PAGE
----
One of the most painful human experiences is a feeling of emptiness, a feeling of nothing at your core, or a feeling of nothing or no one being there. This hole is often shared by men and women who struggle with any form of addiction, including food addiction, sugar addiction, or binge or overeating.
This hole originates in childhood experiences. Sometimes it comes from abuse or neglect, but it can also arise from what my teacher in developmental science, Dr. Gordon Neufeld, calls “the lack of invitation to exist.” (Dr. Neufeld is the go-to source for understanding child development and maturation.)
Every child needs “an invitation to exist” – that a child feels invited, welcomed, loved, and accepted by their caregivers – in all their various moods, emotions and messiness. This invitation can be expressed through a warm tone, facial expression, a twinkle in the eye, or a kind word. No matter the form, it communicates, “I love you unconditionally: I love and accept all of you.”
Without this invitation, a child experiences the pain of separation. You may have had very loving parents, but if certain aspects of you weren’t invited – if you weren’t allowed to have feelings of sadness, or frustration, or loss; if expressing these feelings resulted in criticism, shame, or neglect – you experienced this lack of invitation, and this separation.
To cope, a child learns to shut down, shut off, or cut off the emotions, moods, feelings, thoughts, or needs that cause separation from their caregivers. The feelings themselves become numbed. Then, as an adult, a child can carry these tendencies forward. They may be numbed out to their emotions. They may use substances to numb further. They may feel empty inside. They may see these very strategies as part of their personality or who they are – rather than coping mechanisms for a pain that felt too much to bear. They may have low self worth or self esteem.
Fortunately, there are ways of healing and caring for this emptiness, rather than coping with it through food, sugar or other addictions. Listen in to learn more….
Wanting more hands on help?
- The idea that it’s your job/role to heal and fix yourself is one that creates so much suffering when you’re trying to heal from overeating, binge eating or food addiction. I’d love to take this burden off your shoulders and show you a gentler, more hopeful, and more compassionate way.
- If this resonates with you, I invite you to join me for When Food is Your Mother. This class is for you if you’re feeling stuck in food compulsions like overeating, binge eating, and food or sugar addiction and are longing for long term relief. I can teach you a way to heal your food pain that isn’t about controlling or managing the behavior, but what heals it at the root.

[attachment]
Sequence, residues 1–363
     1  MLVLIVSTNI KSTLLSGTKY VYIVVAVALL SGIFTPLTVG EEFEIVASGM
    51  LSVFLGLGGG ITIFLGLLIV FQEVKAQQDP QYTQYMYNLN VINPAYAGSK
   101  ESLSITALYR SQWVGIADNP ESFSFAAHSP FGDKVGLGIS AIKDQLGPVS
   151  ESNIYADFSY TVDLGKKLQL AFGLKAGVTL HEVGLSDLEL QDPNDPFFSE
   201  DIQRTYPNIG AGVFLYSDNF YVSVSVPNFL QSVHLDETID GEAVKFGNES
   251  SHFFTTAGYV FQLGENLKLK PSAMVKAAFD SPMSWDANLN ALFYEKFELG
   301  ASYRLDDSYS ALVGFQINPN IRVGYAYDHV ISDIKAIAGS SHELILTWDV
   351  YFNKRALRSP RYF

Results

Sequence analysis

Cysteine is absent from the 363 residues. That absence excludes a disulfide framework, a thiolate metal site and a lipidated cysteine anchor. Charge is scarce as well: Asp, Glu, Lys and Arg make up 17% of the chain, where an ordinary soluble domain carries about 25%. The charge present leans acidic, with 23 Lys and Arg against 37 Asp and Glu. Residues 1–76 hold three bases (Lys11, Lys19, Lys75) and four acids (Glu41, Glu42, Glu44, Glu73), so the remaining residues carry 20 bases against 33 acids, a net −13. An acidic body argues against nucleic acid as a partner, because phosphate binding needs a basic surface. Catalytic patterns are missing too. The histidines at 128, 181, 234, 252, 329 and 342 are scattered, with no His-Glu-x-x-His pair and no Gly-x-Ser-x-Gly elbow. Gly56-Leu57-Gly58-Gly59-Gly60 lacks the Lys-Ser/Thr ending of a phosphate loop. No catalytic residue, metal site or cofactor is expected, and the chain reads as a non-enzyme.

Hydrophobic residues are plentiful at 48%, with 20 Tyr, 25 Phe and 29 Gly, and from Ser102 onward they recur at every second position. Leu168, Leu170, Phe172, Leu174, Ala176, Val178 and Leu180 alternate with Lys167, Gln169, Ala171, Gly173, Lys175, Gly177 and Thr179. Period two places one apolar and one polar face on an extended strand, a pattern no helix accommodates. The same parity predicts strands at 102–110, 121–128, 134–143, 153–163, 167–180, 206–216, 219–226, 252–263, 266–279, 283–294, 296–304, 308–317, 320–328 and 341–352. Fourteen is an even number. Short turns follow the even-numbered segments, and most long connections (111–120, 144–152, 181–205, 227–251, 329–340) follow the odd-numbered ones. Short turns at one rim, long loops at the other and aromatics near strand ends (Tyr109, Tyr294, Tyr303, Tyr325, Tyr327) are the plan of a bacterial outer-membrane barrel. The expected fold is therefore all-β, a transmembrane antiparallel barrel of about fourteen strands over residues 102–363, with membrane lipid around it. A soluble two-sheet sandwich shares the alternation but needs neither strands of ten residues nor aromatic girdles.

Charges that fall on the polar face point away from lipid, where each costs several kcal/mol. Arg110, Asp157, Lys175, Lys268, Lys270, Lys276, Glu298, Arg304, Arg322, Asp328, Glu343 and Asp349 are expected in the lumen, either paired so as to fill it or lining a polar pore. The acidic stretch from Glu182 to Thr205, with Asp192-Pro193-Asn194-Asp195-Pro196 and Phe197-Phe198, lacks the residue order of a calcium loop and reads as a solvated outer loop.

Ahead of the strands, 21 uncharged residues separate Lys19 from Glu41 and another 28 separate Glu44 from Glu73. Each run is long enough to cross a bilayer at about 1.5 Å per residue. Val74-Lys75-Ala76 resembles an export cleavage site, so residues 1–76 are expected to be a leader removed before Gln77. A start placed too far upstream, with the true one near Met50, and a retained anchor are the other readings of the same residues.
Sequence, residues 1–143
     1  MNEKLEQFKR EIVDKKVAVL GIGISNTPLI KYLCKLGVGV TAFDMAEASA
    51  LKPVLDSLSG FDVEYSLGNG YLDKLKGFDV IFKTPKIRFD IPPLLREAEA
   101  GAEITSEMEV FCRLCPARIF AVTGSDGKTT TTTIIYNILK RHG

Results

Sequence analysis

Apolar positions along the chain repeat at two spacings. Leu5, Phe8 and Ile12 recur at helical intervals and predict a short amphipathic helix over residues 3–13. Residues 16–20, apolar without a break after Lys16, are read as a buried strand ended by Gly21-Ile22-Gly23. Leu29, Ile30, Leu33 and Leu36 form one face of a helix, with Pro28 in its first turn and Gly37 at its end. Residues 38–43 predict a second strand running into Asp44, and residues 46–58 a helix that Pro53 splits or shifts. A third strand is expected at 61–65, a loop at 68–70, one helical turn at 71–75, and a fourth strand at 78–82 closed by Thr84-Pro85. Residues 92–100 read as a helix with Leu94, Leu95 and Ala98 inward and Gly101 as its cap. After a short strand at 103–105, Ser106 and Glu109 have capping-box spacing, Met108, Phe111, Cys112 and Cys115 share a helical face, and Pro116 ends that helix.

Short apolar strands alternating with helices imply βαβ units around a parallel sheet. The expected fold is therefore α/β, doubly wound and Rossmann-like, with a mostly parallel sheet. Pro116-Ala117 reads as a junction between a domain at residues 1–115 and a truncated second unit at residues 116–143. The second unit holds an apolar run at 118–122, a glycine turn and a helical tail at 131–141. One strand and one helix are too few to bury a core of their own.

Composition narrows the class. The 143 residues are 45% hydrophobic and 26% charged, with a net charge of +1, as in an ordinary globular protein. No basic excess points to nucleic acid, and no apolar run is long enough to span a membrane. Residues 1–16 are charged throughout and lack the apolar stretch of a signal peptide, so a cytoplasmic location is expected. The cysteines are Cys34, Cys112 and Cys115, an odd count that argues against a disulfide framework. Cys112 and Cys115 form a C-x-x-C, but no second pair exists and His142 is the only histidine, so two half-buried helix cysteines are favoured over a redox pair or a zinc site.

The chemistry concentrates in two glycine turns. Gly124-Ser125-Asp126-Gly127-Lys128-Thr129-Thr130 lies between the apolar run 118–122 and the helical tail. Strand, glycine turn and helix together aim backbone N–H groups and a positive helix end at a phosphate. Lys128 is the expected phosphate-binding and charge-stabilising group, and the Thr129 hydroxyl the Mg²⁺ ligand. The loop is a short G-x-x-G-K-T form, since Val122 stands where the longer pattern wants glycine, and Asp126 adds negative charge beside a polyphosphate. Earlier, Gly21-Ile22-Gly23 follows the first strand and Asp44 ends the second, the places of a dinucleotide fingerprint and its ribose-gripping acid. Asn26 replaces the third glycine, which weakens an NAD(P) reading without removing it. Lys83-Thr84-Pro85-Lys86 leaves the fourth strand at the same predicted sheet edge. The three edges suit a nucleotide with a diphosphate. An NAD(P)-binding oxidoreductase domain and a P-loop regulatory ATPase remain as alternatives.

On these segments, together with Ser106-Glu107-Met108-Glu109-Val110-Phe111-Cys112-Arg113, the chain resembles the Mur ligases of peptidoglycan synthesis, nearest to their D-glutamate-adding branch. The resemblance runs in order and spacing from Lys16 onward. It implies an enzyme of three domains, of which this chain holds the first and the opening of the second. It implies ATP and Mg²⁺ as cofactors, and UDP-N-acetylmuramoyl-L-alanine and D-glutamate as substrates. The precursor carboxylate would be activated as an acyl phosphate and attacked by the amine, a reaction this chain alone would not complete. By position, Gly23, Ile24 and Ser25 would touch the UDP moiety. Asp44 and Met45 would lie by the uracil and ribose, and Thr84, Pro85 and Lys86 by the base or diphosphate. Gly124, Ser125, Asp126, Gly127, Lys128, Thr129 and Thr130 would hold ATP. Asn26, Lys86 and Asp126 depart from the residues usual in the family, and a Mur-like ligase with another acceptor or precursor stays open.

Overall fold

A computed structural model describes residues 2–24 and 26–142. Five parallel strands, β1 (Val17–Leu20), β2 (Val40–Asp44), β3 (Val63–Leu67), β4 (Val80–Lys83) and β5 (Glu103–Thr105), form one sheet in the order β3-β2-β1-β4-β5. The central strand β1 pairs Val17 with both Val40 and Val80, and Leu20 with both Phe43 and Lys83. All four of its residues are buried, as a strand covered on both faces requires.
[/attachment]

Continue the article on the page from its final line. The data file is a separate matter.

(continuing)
Pauline asked: “I wanted to touch on the theme of hacking off parts of yourself that Julie’s question brought up. I guess this really ties in with the ‘When Food is Your Mother’ course, I wonder if you could speak to the feeling of nonbeing or non-existing. Sometimes I have the intuition that in an early point, I kind of left myself behind and stepped into someone else’s clothes, that the shoot of being inside didn’t have the connection to keep growing and coming forward into life. So it feels like it got hidden somewhere.”
“I think it’s what you were touching on when you talked about disowning certain emotions, but this goes a step further and feels like a loss of self. I’d love any thoughts you have on this because my default is self attack or blame and, “Get it together or think your way out of it.” The other way my heart instinctively expresses this is that somewhere the emotional temperature around dropped really low, and it’s like some kind of cryogenic freezing, but part of you has to keep going. I wonder if that is the lack of invitation to exist and the struggle to push through into love and welcome a whole new way of seeing yourself.”
Karly: You have such a beautiful way of expressing things, Pauline. I always love reading your– All of you do. You’re all such deep thinkers and feelers. I love reading how you process and ask questions. So what I sense you’re talking about is that you felt a lack of invitation to exist, and you just left. I think what you’re speaking to– The psychological term for this is dissociating, where we actually dissociate from our emotions. We actually like leave our body, and it’s a form of defense, and it’s a form of self protection.